Re-Ranking All 30 MLB Farm Systems Post-Trade Deadline

Mike RosenbaumMLB Prospects Lead WriterAugust 1, 2014

Re-Ranking All 30 MLB Farm Systems Post-Trade Deadline

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    As we put a final bow on the 2014 non-waiver trade deadline, it is a great time to look at the state of the farm systems.

    The passing of the deadline, which occurred at 4 p.m. ET on Thursday, allows us to do an examination of the job MLB clubs have done developing the talent already in the pipeline. It also gives us a look at how some the trades—even though most of Thursday's deals involved big leaguers—impact the farm system rankings

    Our rankings are based on two criteria: impact potential and depth. Since a team may have more of one than the other, it's therefore necessary to have more than a couple players who project as quality big leaguers in order to have a good farm system. 

    Also, even though there are young players in the major leagues who still have prospect eligibility (fewer than 50 innings pitched or 130 at-bats), they were not considered on their team's ranking. 

    With all that being said, here is an updated ranking of all 30 farm systems after the trade deadline.

30. Detroit Tigers

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    Trade Deadline Activity

    Additions: N/A

    Losses: RHPs Jake Thompson and Corey Knebel (to Rangers); SS Willy Adames (to Rays)

    The Tigers have spent the last few years putting all their resources into the MLB club and ignoring the farm system. Therefore, while they’re winning at the highest level, the organization’s lack of impact talent and depth on the farm puts a lot of pressure on its big league roster to stay healthy. 

    It certainly didn’t help the state of Detroit’s system that it traded arguably its top three prospects before the deadline, with right-handers Jake Thompson and Corey Knebel going to the Rangers in the Joakim Soria deal, and highly touted, 18-year-old shortstop Willy Adames going to Tampa Bay as part of the three-team trade for David Price.

    That being said, center fielder Derek Hill, the team's top draft pick (No. 23 overall) in 2014, gives the Tigers system some much-needed upside. Second baseman Devon Travis is having a strong campaign in Double-A after missing a good chunk of the first half with an injury. However, he lacks a clear path to playing time in the major leagues due to the presence of Ian Kinsler at the keystone.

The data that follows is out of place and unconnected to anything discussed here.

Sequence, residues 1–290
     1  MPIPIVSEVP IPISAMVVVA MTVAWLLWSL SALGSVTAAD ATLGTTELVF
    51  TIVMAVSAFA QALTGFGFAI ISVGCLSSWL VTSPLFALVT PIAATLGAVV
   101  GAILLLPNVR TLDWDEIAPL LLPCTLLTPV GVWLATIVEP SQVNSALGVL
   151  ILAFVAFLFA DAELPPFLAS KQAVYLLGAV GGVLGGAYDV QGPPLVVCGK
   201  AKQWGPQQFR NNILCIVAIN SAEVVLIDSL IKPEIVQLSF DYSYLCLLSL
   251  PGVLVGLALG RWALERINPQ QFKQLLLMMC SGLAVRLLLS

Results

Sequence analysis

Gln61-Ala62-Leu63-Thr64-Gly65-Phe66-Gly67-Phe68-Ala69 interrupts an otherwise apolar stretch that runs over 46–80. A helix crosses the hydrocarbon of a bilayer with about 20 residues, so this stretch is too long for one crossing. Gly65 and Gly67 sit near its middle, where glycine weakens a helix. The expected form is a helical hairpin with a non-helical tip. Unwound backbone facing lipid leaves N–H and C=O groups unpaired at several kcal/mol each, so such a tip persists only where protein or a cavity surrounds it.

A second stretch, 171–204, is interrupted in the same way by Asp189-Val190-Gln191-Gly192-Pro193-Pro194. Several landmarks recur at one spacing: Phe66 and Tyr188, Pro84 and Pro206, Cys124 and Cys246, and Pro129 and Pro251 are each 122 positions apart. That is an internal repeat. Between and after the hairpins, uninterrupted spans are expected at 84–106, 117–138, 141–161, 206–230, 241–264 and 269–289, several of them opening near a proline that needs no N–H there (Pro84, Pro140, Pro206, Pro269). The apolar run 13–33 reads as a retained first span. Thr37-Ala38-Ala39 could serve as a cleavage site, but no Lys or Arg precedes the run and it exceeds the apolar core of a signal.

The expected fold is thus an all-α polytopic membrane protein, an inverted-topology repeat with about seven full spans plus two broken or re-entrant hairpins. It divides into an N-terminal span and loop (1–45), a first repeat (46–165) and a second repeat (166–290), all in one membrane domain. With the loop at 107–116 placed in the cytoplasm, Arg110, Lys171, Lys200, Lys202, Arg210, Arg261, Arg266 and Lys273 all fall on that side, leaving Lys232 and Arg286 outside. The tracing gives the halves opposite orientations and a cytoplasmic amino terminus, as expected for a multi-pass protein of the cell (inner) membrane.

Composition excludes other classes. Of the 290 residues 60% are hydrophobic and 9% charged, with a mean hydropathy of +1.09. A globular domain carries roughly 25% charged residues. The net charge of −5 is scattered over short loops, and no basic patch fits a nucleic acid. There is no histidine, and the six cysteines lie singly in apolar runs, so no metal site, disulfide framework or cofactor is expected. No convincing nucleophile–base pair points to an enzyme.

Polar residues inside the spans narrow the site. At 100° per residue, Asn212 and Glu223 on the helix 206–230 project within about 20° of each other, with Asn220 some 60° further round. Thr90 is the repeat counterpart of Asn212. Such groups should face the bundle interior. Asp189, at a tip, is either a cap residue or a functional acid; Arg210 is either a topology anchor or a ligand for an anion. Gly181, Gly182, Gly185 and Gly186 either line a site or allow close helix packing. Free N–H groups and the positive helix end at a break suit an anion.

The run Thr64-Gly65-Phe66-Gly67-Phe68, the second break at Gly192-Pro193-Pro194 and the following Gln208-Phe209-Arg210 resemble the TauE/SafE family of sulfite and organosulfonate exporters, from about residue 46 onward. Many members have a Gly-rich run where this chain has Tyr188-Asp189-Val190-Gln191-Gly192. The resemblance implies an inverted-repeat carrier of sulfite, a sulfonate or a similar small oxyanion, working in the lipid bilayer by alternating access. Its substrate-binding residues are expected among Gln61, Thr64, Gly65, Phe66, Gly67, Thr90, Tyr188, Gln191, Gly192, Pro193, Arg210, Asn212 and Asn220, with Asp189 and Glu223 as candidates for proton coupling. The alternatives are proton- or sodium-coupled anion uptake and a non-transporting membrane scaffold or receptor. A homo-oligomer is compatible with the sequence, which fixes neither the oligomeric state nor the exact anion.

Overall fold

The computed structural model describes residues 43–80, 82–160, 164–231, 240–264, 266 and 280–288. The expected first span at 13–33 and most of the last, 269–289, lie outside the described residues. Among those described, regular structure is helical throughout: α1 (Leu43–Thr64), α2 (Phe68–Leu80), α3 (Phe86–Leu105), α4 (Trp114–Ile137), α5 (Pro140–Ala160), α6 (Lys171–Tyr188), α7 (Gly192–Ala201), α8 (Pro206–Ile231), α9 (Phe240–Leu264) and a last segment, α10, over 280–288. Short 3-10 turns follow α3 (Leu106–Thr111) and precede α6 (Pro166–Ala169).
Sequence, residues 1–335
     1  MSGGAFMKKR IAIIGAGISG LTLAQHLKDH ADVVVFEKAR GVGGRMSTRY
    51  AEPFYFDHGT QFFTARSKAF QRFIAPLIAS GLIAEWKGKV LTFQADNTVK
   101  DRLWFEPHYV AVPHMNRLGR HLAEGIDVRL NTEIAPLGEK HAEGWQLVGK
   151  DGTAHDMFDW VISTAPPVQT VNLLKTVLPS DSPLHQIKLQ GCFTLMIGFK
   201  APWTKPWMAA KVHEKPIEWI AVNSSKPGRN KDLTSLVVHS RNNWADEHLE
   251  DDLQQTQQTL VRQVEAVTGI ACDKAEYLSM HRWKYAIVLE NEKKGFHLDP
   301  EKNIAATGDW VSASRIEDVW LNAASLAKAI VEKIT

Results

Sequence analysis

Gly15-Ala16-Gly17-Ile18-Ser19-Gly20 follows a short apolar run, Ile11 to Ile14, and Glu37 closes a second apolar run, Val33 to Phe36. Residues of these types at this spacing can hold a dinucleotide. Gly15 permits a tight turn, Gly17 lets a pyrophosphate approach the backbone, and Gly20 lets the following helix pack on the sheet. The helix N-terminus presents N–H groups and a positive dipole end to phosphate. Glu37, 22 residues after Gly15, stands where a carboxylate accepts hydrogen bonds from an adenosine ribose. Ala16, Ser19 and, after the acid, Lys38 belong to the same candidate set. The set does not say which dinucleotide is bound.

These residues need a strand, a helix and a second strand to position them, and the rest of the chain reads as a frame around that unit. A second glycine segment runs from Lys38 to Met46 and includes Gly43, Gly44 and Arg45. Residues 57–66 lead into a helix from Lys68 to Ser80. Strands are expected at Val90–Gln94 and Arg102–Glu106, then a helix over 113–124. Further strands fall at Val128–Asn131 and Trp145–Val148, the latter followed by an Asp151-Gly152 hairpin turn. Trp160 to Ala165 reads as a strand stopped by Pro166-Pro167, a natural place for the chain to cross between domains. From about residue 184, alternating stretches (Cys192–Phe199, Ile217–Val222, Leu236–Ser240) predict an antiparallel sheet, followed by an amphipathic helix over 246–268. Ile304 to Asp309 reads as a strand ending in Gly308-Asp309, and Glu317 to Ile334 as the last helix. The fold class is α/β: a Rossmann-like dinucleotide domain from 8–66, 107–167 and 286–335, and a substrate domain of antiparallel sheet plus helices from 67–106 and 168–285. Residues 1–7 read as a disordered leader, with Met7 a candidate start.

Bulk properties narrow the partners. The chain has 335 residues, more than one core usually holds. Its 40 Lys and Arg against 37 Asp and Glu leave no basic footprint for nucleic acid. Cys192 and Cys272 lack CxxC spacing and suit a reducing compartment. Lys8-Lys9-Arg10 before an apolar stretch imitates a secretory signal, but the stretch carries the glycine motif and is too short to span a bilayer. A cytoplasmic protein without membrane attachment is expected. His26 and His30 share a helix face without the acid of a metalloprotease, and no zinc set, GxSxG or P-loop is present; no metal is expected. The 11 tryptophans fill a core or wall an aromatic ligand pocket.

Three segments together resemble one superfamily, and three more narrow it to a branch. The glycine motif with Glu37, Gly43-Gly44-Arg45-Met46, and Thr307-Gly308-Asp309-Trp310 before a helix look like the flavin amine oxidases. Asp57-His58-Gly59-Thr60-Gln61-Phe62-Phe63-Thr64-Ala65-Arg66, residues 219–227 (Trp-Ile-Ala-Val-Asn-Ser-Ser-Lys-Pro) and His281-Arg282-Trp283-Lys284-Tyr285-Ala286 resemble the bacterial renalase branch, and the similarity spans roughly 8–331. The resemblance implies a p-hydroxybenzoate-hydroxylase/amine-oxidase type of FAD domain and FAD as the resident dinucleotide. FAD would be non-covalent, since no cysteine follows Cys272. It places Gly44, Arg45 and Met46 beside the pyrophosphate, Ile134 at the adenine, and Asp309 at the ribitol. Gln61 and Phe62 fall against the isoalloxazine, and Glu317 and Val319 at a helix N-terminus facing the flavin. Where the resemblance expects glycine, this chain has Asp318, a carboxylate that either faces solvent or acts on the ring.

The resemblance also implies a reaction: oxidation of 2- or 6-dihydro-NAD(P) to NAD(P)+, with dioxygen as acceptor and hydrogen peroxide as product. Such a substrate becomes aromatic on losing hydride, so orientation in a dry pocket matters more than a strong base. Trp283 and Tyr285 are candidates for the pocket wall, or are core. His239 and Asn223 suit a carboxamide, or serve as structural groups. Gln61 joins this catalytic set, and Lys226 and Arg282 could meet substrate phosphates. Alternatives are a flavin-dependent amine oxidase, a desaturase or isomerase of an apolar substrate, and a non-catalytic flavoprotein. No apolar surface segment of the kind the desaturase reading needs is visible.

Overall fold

Lastly, left-handed slugger Steven Moya has made strides this season at Double-A Bowie, with a .274 average, .859 OPS and 27 home runs in 105 games.

29. Los Angeles Angels

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    Trade Deadline Activity

    Additions: RHP Trevor Gott from Padres

    Losses: 2B Taylor Lindsey, SS Jose Rondon and RHP R.J. Alvarez (to Padres)

    The Angels system recently took a hit when the team dealt Taylor Lindsey, Jose Rondon and R.J. Alvarez to the Padres in exchange for Huston Street.

    The few players the Angels have who projected as solid to average regulars aren't performing well for the current team, especially third baseman Kaleb Cowart, who hasn't hit well for the last two years and currently sports a .629 OPS through 102 Double-A games.

    The Angels did well with their first two picks in this year’s draft, selecting left-hander Sean Newcomb (No. 15 overall), who could reach the majors quickly with improved control/command, and high-ceiling right-hander Joe Gatto in the second round. 

    With few bright spots in the system, this summer has been big for the development of left-hander Hunter Green, the team's first pick last year, and 17-year-old left-hander Ricardo Sanchez, who is currently pitching in the Rookie-level Arizona League.

28. Oakland Athletics

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    Trade Deadline Activity

    Additions: N/A

    Losses: SS Addison Russell and OF Billy McKinney (to Cubs)

    Addison Russell was the only impact talent in Oakland's farm system, but that obviously is no longer the case after he was dealt to the Cubs earlier this month in the Jeff Samardzija-Jason Hammel trade. Last year's top draft pick, outfielder Billy McKinney, was also shipped out in the trade.

    As a result of the deal, virtually all of the A’s top talent is in A-ball or lower right now, so don't expect to see big results soon.

    Right-handed hurler Raul Alcantara is just 21 and a 6'3", 225-pound man with a plus fastball-changeup combination, while third baseman Renato Nunez is enjoying a breakout campaign with a .287/.347/.556 batting line and 26 home runs in 97 games at High-A Stockton.

    Similarly, shortstop Daniel Robertson has emerged as the team’s new top prospect thanks to an .857 OPS and 42 extra-base hits in 105 games at Stockton.